The Russian newspaper Kommersant pointed out to an implicit connection between this institutional reconfiguration and the tripartite security meeting that took place in Israel on 24 June and brought together – for the first time – the national security advisors of Israel, the United States, and Russia.

Sources cited by the Russian daily indicated that the “sacking” of General Jamil al-Hassan took place after a meeting in Quneitra (in the Israeli-occupied Golan Heights) last June that was attended by the Syrian commander, members of the Russian military, delegates of the 5th Corps of Syria’s army (allegedly close to Russia), and by Israeli officers.

Though neither Damascus, Moscow nor Tel Aviv officially confirmed that the meeting took place, General al-Hassan, according to the Russian paper, “did not respond to Israel’s demands that the pro-Iranian forces withdraw from the Israeli-Syrian border”.

These reports are corroborated by an article posted on the Lebanese al-Modon web site, a media outlet close to the Syrian opposition.

Other Syrian opposition insiders based in Beirut consider the Russians to be “the biggest beneficiaries” of the changes made by Assad, since it will allow them to consolidate their influence to the detriment of Iran “after having imposed their candidate as the head of the Syrian army”.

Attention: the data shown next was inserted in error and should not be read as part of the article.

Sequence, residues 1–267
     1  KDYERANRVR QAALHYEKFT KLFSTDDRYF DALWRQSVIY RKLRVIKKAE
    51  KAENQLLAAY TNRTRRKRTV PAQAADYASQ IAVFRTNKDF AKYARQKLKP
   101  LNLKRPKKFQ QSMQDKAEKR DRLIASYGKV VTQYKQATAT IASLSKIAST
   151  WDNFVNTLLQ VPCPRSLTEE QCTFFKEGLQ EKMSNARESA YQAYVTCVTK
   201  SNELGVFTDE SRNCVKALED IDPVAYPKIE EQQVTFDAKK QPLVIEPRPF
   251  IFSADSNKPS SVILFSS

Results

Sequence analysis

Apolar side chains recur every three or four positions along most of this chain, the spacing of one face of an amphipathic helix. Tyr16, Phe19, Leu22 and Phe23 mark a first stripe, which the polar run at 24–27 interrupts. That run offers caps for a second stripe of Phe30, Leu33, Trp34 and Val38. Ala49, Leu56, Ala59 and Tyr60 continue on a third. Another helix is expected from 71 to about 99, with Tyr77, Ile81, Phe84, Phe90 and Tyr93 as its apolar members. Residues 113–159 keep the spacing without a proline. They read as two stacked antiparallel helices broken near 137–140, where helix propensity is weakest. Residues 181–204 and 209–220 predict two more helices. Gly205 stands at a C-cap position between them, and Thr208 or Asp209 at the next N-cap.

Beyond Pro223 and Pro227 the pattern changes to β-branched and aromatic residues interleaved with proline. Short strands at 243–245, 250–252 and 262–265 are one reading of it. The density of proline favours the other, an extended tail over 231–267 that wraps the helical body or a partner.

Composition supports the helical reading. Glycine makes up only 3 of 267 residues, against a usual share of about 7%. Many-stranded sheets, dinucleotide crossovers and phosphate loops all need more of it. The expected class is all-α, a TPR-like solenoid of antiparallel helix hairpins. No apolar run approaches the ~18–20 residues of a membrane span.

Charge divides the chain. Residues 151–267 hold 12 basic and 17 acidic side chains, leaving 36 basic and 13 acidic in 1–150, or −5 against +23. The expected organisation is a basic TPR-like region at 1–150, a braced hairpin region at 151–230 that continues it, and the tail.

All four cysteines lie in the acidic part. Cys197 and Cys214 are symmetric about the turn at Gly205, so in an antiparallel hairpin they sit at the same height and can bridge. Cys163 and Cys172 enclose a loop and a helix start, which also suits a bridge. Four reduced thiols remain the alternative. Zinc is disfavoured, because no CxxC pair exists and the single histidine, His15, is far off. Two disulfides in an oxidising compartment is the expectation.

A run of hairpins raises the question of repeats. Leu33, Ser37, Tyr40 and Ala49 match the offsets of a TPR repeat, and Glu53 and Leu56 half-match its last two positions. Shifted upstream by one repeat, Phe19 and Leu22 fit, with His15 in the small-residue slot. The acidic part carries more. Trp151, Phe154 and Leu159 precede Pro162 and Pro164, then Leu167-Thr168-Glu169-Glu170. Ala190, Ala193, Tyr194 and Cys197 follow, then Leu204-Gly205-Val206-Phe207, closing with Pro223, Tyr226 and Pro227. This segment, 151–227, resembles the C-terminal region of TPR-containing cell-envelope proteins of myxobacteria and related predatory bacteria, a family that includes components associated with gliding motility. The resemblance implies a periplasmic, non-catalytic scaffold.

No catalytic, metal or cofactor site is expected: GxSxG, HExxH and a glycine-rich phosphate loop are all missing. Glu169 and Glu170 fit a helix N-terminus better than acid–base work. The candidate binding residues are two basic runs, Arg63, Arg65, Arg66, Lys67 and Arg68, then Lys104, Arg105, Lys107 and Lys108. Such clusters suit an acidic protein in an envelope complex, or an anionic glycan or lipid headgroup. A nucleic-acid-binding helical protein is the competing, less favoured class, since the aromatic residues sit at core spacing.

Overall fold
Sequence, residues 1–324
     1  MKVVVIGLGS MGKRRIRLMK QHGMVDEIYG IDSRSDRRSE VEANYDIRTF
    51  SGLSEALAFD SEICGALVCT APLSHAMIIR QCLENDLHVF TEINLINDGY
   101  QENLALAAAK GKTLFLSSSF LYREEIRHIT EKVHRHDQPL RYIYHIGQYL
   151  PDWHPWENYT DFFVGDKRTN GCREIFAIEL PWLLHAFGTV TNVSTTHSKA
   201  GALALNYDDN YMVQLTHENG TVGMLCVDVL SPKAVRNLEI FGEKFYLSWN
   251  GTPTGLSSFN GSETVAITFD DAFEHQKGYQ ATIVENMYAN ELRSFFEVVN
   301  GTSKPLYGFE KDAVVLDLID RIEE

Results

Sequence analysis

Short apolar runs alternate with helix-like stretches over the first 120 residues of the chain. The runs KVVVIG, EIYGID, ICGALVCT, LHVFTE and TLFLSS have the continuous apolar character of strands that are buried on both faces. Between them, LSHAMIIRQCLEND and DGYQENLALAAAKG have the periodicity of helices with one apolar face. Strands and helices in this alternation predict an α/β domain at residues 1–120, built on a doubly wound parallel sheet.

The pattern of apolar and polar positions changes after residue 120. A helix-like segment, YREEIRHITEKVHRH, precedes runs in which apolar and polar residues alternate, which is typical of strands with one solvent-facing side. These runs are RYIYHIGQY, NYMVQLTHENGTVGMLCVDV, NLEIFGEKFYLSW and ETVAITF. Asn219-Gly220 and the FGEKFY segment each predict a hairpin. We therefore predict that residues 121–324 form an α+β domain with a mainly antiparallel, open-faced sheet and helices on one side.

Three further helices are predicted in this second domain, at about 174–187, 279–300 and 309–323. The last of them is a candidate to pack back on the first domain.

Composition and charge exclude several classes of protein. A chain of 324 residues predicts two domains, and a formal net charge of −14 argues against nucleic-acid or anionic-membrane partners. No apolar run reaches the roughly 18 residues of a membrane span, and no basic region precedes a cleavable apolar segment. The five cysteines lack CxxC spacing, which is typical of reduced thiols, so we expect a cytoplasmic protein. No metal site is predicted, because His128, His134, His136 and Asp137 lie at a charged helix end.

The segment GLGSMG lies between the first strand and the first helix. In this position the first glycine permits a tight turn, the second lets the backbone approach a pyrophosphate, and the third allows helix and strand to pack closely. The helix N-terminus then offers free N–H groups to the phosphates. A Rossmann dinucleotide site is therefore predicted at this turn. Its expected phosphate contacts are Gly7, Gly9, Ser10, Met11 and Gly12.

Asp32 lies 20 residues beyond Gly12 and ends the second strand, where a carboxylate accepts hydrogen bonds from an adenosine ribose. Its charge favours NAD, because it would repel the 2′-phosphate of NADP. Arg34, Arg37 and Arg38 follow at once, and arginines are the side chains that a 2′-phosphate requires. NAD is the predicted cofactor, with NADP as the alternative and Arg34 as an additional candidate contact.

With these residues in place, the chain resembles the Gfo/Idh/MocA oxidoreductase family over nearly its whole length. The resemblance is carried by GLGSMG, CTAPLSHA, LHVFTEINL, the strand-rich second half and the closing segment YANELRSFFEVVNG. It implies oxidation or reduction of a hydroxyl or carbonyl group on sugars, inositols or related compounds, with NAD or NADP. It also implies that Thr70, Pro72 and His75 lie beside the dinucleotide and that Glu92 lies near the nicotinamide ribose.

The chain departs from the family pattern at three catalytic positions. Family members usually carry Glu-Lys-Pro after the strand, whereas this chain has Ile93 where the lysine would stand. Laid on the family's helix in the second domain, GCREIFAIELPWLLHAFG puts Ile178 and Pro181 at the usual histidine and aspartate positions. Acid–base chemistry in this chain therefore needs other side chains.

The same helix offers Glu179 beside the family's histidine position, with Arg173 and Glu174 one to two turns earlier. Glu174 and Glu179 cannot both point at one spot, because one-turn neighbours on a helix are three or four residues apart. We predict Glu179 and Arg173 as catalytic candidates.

A new phase

Interviewed by Middle East Eye, former Lebanese General Elias Hanna explained that the recent changes in Syria mark “a new era characterised by the primacy of security over politics.” He added that the move “gives Russia the upper hand to the detriment of Iran”.

“Syria is entering a new phase that includes the emergence of new figures who are likely to strengthen Russia’s status and weaken Iran’s influence. The one who restructures the Syrian army will have the last word.”

However, Hanna placed special emphasis on the promotion of Mamlouk, although it does not necessarily mean he is a “potential successor to Bashar al-Assad” within the context of a political solution. He estimated that “President Assad remains the essential player and the one who grants legitimacy to both Russia and Iran in Syria.”

Amin Hoteit, another Lebanese military analyst and former army general, rejected the attempts to understand Assad’s changes within the framework of a Russia-Iran rivalry.

In an interview with MEE, Hoteit described as ridiculous the information claiming Jamil al-Hassan was sacked because Russia asked for it. “General al-Hassan has been very ill for over a year, he was unable to fulfill his duties,” he said.

Unexpected and exceptional

Indeed, Hassan, the once-powerful Syrian officer who was placed on the European blacklist for his alleged role in the repression of the Syrian uprising, suffers from a health crisis. Last February, reports emerged that he had been transferred to Lebanon for medical treatment.